The Heartache of Cardiovascular Comorbidities

Despite advances in the detection and treatment of cardiovascular disorders, about one in four deaths in America are caused by heart disease, annually. [1] But heart disease is only one of many chronic medical conditions adults experience. The Centers for Disease Control reports that nearly half of all American adults live with at least one chronic medical condition, and about 25 percent of adults are diagnosed with two or more chronic conditions. [2] The American Heart Association cites heart disease as the cause of death in “at least 68 percent of people age 65 or older,” and there is an established link between cardiovascular disease and diabetes that suggests heart health has implications beyond the circulatory system. [3] Diabetes, meanwhile, perpetuates the cascade of illness, as the disease affects not only blood glucose levels but also kidney and heart function.

More than the Sum of Their Parts

These statistics raise important implications for Family Nurse Practitioners (FNPs) and other primary care providers as an example of how chronic conditions can have unexpected, far-reaching consequences on the body’s systems that induce comorbidities. When working with the patients who have multiple chronic conditions, Nurse Practitioners (NPs) should take an approach that encompasses not only the disease state, but also the extended health implications of the condition, such as the patient’s ability to manage care at a level that will achieve desired outcomes.

Diabetes is a condition that illustrates why viewing a patient holistically can promote better health for the individual. While a relationship between type 2 diabetes and higher rates of cardiovascular disease is well-established, [4] many practitioners continue to approach diabetes strictly as a condition of blood sugar regulation or obesity. [5] However, the effects of diabetes on the heart are not limited to blood sugar and weight gain. If clinicians view diabetic heart disease through the narrow lens of glucose, they miss seeing a large part of the picture.

Beyond Blood Sugar: How Diabetes Affects the Heart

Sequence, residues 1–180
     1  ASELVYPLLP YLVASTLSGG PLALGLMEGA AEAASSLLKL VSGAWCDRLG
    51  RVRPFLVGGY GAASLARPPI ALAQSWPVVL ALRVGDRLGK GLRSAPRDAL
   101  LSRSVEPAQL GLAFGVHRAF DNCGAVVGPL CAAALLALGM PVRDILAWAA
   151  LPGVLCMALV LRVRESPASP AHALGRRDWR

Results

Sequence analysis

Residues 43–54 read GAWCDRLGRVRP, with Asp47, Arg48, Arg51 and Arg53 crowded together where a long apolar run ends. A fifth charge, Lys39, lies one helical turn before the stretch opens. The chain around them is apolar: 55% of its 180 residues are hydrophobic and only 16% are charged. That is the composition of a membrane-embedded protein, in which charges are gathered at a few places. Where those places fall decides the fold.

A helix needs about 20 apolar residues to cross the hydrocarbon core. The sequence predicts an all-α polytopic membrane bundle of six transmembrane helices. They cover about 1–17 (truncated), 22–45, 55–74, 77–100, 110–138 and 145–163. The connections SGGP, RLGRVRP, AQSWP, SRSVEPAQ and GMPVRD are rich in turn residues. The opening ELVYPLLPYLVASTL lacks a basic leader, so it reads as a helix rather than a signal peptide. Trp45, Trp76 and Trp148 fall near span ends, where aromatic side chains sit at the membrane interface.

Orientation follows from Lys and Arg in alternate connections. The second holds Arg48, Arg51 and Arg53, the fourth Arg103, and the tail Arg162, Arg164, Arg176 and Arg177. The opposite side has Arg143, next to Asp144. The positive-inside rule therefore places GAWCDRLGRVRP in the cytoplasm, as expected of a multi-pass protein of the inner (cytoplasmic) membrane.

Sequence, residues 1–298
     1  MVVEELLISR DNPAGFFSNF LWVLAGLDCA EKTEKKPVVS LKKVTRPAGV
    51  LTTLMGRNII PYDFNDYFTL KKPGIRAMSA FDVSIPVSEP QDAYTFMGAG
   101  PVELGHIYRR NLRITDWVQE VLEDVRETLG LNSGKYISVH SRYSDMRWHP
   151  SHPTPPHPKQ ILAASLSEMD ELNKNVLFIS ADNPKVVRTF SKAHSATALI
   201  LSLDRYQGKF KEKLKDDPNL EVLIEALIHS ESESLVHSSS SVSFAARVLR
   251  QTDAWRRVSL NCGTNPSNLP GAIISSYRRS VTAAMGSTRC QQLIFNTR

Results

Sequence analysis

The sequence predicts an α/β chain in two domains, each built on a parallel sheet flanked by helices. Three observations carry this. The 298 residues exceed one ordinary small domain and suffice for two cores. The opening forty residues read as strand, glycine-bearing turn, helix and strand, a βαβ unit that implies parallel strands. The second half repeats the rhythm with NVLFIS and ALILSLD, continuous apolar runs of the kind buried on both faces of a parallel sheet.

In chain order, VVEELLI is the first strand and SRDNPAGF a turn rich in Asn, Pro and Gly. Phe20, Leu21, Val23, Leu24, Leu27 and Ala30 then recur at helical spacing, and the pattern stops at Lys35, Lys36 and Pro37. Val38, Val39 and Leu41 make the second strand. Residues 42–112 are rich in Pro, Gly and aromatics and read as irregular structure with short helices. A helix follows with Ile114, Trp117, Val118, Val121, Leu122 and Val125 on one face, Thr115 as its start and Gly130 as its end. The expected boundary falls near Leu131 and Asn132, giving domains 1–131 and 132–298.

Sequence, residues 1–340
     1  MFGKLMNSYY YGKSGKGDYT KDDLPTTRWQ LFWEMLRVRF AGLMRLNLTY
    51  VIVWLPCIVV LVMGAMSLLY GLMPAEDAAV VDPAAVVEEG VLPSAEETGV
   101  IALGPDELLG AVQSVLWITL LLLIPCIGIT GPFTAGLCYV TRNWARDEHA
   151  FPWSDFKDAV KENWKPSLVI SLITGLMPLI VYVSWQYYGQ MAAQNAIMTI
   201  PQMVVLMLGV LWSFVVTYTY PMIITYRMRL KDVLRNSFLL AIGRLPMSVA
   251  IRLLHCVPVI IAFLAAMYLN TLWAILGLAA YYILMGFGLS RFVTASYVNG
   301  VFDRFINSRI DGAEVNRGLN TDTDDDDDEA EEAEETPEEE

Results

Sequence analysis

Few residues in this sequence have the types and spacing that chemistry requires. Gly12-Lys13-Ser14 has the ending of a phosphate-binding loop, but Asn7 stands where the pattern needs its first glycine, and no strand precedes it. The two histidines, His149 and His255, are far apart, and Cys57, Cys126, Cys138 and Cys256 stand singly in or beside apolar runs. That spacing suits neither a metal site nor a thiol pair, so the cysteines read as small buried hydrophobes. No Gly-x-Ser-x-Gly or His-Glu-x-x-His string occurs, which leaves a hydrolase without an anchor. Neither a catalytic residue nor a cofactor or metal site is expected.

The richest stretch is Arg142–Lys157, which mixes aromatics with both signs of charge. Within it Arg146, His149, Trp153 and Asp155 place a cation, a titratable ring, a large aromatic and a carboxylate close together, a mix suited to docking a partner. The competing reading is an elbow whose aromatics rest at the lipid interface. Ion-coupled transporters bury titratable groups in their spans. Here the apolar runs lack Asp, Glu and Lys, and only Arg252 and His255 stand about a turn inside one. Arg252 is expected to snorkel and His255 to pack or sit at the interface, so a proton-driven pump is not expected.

Researchers are beginning to unravel the precise mechanisms involved in how diabetes alters heart function, and several of the most damaging effects are not caused by blood glucose levels alone. Diabetes contributes to cardiomyopathy, which is a disease that affects the heart muscle. Refer to the interactive feature below to see how.

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How Nurse Practitioners Can Identify and Treat Diabetic Heart Disease

Applying a philosophy of treating the whole patient and not just the disease, Nurse Practitioners have the opportunity to collaborate with patients to identify, treat, and prevent diabetic cardiomyopathy. Specifically, NPs can:

  1. Look beyond blood sugar. While regulating a patient’s blood sugar levels is a primary objective in treating diabetes, a healthy A1C level should represent but one rung of the overall treatment ladder. Regulating blood glucose can reduce microvascular damage like retinopathy, a disease of the retina which impairs vision, but it has less of an effect on macrovascular damage, like heart ischemia. [6] Refrain from assuming that well-controlled sugar levels protect a patient from developing cardiomyopathy. In addition to glucose management, blood pressure regulation also needs to be considered when treating diabetic patients, as this demographic’s blood pressure goal is lower than that of the general population. According to Georgetown University’s School of Nursing & Health Studies assistant professor Melissa H. Frisvold, Ph.D., CNM, APRN, using statins to decrease cholesterol (and therefore high blood pressure) is more effective than prescribing insulin alone.